Artillery price

White House says North Korea is supplying Russia with artillery shells

WASHINGTON, Nov 2 (Reuters) – The United States has information indicating that North Korea is secretly supplying Russia with a “significant” number of artillery shells for its war in Ukraine, the carrier said on Wednesday. White House National Security spokesman John Kirby.

Kirby told a virtual briefing that North Korea was trying to mask shipments by routing them through countries in the Middle East and North Africa.

“Our indications are that the DPRK is supplying covertly and we will be monitoring to see if the shipments are being received,” Kirby said, adding that Washington would consult with the United Nations on liability issues regarding the shipments.

“We have an idea of ​​where they’re going to transfer these shells to,” Kirby said, but declined to elaborate as the United States weighs its possible options.

At a regular press conference, US State Department spokesman Ned Price suggested sanctions were among the options, as in the case of Iran supplying arms to Russia .

“Just as we use all tools and will use all tools to counter Iran’s arms supply to Russia, we will do the same with regard to DPRK’s arms supplies to Russia,” he said. he declared.

“There are sanctions in effect. We will be looking at additional tools and authorities that we may be able to call upon to counter this activity,” he said.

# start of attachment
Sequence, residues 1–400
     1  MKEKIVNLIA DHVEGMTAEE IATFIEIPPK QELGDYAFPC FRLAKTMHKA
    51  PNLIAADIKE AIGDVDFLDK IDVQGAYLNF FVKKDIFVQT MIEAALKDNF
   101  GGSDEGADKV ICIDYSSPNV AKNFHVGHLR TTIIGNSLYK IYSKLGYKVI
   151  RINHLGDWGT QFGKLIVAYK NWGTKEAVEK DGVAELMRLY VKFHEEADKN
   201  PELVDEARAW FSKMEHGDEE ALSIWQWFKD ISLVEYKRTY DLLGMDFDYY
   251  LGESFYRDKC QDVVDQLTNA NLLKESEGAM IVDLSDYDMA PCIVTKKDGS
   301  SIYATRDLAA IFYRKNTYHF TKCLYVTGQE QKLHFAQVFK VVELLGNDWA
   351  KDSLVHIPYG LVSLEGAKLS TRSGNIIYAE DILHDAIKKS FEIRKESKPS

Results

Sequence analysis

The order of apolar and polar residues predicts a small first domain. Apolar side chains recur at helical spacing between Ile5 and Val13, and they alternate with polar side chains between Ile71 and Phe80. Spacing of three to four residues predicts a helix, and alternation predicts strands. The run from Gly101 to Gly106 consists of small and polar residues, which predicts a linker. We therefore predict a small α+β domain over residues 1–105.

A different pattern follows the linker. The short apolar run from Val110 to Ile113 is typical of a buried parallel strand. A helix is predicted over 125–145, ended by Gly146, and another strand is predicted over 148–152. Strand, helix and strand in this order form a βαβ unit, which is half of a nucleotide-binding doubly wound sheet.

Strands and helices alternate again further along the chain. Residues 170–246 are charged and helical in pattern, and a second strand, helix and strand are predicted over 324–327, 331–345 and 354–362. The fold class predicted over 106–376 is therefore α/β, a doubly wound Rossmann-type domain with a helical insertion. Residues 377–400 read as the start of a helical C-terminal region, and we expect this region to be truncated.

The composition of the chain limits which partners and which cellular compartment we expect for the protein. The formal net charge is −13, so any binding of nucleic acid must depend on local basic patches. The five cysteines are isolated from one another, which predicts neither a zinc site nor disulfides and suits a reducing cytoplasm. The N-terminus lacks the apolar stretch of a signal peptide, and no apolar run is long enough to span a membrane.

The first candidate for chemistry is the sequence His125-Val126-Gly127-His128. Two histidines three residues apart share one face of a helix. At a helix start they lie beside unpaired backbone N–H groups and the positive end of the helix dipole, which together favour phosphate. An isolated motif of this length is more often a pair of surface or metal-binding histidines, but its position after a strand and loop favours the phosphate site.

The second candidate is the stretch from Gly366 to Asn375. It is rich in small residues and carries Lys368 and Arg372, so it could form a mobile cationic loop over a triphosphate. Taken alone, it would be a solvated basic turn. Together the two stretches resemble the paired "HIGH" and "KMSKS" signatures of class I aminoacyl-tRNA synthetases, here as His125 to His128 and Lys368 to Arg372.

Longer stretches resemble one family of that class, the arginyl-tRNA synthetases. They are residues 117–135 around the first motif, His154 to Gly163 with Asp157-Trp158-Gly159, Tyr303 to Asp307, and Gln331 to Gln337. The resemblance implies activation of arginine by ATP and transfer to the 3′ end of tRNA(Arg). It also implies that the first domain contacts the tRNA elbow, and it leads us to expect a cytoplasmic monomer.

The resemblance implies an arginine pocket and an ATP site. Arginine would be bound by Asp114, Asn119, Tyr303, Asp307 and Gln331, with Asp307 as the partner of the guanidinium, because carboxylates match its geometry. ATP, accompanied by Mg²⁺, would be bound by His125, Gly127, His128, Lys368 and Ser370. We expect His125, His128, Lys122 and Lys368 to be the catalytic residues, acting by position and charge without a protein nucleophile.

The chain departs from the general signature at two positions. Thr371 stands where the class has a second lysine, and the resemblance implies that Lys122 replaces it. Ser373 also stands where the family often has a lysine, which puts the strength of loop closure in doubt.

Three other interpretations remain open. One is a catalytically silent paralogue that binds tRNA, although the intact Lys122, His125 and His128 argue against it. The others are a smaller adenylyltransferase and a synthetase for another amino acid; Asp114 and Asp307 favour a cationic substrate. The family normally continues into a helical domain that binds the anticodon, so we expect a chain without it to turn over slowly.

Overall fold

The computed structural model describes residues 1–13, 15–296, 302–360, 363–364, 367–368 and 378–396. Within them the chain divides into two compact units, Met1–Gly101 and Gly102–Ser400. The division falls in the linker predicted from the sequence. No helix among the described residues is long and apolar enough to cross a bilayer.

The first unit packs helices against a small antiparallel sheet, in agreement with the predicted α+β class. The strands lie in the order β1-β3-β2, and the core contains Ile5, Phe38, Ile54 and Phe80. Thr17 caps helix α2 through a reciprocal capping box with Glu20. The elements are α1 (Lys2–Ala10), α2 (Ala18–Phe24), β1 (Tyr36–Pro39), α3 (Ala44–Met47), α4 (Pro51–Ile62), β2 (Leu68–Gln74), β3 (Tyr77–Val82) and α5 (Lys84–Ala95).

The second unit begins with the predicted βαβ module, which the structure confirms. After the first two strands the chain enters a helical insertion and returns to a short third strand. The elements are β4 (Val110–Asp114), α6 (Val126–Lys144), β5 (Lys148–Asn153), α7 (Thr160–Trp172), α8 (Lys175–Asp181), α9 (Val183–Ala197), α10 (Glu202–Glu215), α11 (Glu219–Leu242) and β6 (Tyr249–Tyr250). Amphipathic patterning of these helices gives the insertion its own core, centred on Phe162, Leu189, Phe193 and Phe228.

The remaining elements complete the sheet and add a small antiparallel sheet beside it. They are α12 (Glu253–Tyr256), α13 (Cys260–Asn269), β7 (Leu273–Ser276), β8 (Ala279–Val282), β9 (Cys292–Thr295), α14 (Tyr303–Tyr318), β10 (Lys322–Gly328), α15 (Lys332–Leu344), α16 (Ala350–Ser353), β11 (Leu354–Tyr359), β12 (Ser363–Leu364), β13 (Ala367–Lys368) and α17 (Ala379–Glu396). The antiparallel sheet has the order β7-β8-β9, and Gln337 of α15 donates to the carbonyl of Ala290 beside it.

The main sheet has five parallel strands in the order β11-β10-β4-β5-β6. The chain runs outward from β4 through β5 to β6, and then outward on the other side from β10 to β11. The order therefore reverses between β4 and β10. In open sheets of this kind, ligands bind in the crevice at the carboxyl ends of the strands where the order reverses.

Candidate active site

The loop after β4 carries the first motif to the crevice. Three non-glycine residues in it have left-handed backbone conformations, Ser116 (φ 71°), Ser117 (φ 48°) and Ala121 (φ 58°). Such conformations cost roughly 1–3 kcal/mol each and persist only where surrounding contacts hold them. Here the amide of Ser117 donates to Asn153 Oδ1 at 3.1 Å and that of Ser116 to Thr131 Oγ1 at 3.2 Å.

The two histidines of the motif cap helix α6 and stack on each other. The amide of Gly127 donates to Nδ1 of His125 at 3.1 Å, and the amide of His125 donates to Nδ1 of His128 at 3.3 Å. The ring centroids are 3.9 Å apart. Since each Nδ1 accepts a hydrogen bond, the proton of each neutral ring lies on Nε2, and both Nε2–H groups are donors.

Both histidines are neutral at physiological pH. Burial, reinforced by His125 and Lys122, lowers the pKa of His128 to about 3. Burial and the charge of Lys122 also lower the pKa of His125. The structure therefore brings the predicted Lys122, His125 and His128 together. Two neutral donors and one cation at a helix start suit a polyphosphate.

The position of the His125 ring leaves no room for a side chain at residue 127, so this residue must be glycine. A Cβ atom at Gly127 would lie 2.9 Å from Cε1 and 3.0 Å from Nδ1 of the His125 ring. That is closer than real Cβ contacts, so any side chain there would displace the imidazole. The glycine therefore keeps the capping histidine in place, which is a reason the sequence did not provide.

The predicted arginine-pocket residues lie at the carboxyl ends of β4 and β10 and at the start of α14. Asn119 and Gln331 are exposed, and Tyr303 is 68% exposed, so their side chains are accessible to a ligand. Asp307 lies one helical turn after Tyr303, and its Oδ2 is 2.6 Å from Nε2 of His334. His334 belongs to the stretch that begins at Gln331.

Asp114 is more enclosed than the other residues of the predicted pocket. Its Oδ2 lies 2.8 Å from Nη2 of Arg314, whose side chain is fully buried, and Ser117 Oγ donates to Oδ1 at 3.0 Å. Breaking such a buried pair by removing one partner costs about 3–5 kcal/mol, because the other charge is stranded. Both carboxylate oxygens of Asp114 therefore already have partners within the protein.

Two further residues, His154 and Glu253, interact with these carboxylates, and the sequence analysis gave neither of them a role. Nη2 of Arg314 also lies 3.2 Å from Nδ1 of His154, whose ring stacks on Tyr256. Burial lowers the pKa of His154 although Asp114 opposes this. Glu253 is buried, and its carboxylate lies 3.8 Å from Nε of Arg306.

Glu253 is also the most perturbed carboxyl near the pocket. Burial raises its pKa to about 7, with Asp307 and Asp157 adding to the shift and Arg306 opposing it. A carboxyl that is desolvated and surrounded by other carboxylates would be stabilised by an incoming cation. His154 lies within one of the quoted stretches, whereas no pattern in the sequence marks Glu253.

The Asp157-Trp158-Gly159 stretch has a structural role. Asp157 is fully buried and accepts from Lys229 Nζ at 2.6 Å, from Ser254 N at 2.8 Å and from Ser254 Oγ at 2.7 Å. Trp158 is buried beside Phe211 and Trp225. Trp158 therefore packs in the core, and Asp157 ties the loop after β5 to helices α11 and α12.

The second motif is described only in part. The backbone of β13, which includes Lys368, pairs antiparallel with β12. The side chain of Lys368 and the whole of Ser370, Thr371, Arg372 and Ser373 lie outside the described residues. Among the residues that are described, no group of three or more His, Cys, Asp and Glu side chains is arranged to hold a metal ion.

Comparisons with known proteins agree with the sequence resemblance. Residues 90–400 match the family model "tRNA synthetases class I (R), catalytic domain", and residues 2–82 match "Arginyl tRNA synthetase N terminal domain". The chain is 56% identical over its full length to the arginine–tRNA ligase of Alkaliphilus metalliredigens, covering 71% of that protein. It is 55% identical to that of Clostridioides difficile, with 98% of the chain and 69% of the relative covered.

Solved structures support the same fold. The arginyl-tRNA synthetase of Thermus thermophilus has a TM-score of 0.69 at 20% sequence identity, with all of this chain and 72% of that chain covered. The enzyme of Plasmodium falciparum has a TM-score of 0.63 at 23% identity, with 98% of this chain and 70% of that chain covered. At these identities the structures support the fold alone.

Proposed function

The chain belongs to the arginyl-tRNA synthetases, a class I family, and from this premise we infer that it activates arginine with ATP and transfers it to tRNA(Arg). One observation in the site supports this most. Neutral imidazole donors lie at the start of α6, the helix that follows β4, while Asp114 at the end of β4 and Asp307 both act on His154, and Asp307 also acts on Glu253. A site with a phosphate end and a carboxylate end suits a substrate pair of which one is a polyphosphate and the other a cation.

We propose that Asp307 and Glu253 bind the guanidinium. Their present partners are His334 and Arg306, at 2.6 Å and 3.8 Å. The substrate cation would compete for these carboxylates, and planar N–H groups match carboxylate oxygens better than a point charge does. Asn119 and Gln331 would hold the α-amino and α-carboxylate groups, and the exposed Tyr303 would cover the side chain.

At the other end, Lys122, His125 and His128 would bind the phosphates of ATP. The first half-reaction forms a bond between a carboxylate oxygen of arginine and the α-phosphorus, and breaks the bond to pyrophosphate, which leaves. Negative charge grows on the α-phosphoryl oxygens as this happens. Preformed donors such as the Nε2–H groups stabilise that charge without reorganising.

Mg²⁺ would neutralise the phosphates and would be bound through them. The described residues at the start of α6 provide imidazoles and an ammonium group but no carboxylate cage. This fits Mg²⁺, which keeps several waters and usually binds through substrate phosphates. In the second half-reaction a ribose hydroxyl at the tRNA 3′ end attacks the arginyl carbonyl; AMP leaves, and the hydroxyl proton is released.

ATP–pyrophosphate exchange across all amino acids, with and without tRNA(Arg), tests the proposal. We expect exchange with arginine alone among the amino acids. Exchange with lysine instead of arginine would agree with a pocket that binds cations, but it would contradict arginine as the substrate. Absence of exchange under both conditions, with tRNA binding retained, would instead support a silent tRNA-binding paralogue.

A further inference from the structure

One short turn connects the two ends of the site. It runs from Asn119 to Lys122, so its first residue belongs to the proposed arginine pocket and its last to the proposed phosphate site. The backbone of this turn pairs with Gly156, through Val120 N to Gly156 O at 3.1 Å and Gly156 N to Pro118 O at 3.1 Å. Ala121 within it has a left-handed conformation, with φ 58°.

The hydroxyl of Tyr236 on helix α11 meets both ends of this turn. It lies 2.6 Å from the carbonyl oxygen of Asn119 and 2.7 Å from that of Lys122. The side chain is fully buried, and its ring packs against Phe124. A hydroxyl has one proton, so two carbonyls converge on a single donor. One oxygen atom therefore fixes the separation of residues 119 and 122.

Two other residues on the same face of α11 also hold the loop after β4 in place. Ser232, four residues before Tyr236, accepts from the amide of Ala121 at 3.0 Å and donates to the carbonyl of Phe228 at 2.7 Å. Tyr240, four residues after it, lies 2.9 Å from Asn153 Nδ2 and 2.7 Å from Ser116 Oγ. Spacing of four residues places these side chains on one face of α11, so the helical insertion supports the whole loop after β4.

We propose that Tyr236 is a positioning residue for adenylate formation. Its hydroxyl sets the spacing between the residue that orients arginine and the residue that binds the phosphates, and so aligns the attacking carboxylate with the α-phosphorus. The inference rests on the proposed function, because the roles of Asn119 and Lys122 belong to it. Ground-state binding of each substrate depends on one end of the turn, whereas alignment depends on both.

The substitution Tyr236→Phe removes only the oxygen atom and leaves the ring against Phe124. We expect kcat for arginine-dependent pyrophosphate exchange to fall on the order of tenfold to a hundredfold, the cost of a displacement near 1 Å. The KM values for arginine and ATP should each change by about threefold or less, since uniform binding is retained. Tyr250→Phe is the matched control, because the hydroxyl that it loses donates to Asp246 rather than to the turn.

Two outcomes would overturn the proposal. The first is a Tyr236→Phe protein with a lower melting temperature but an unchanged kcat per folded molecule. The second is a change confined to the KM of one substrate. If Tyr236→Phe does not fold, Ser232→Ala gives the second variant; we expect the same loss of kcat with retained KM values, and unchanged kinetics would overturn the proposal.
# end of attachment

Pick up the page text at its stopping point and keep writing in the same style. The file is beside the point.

The United States in September imposed sanctions on an Iranian company it accused of coordinating military flights to transport Iranian drones to Russia and on three other companies it said were involved in the production of Iranian drones.

Kirby said the amount of shelling was not insignificant, but was unlikely to change the momentum or outcome of the war. However, they could still be deadly for Ukrainians, he said.

“And that certainly won’t change our reckoning…or with so many of our allies and partners on the kinds of capabilities that we’re going to continue to provide to the Ukrainians,” he said.

Kirby said the North Korean shipments were a sign not only of Pyongyang’s willingness to support Russia, but also of Moscow’s ammunition shortages caused by US-led sanctions and export controls.

North Korea said in September it had never supplied arms or ammunition to Russia and had no plans to do so, while warning the United States to “keep your mouth shut. ” and to stop spreading rumors aimed at “tarnishing” the country’s image.

Referring to North Korean missile launches on Wednesday, Kirby said they posed no immediate threat to American personnel in the region, and added that the United States would ensure it had the capabilities there. to defend their allies.

North Korea fired at least 23 missiles into the sea on Wednesday, including one that landed less than 60 km (40 miles) from South Korea’s shores, which South Korean President Yoon Suk-yeol called a “territorial encroachment”.

It was the first time a ballistic missile had landed near southern waters since the division of the peninsula in 1945, and the most missiles fired from the north in a single day. South Korea issued rare air raid warnings and launched its own missiles in response.

Reporting by David Brunnstrom, Idrees Ali and Susan Heavey; Additional reporting by Simon Lewis and Daphne Psaledakis; Editing by Chizu Nomiyama and Mark Porter

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